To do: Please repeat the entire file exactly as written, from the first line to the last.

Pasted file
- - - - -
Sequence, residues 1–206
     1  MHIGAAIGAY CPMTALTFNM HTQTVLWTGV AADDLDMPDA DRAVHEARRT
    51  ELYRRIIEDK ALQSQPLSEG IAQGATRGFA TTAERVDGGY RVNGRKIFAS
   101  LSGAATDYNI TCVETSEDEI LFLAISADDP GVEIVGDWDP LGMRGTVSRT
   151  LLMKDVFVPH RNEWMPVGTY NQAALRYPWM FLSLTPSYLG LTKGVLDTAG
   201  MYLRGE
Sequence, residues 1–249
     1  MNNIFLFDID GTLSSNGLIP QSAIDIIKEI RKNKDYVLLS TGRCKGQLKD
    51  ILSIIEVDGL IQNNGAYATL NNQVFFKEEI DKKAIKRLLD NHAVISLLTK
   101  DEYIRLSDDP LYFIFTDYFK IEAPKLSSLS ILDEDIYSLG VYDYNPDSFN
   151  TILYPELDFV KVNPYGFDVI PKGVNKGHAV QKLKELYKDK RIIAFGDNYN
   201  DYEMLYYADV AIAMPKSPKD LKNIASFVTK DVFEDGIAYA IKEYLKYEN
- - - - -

Sequence, residues 1–206
     1  MHIGAAIGAY CPMTALTFNM HTQTVLWTGV AADDLDMPDA DRAVHEARRT
    51  ELYRRIIEDK ALQSQPLSEG IAQGATRGFA TTAERVDGGY RVNGRKIFAS
   101  LSGAATDYNI TCVETSEDEI LFLAISADDP GVEIVGDWDP LGMRGTVSRT
   151  LLMKDVFVPH RNEWMPVGTY NQAALRYPWM FLSLTPSYLG LTKGVLDTAG
   201  MYLRGE
Sequence, residues 1–249
     1  MNNIFLFDID GTLSSNGLIP QSAIDIIKEI RKNKDYVLLS TGRCKGQLKD
    51  ILSIIEVDGL IQNNGAYATL NNQVFFKEEI DKKAIKRLLD NHAVISLLTK
   101  DEYIRLSDDP LYFIFTDYFK IEAPKLSSLS ILDEDIYSLG VYDYNPDSFN
   151  TILYPELDFV KVNPYGFDVI PKGVNKGHAV QKLKELYKDK RIIAFGDNYN
   201  DYEMLYYADV AIAMPKSPKD LKNIASFVTK DVFEDGIAYA IKEYLKYEN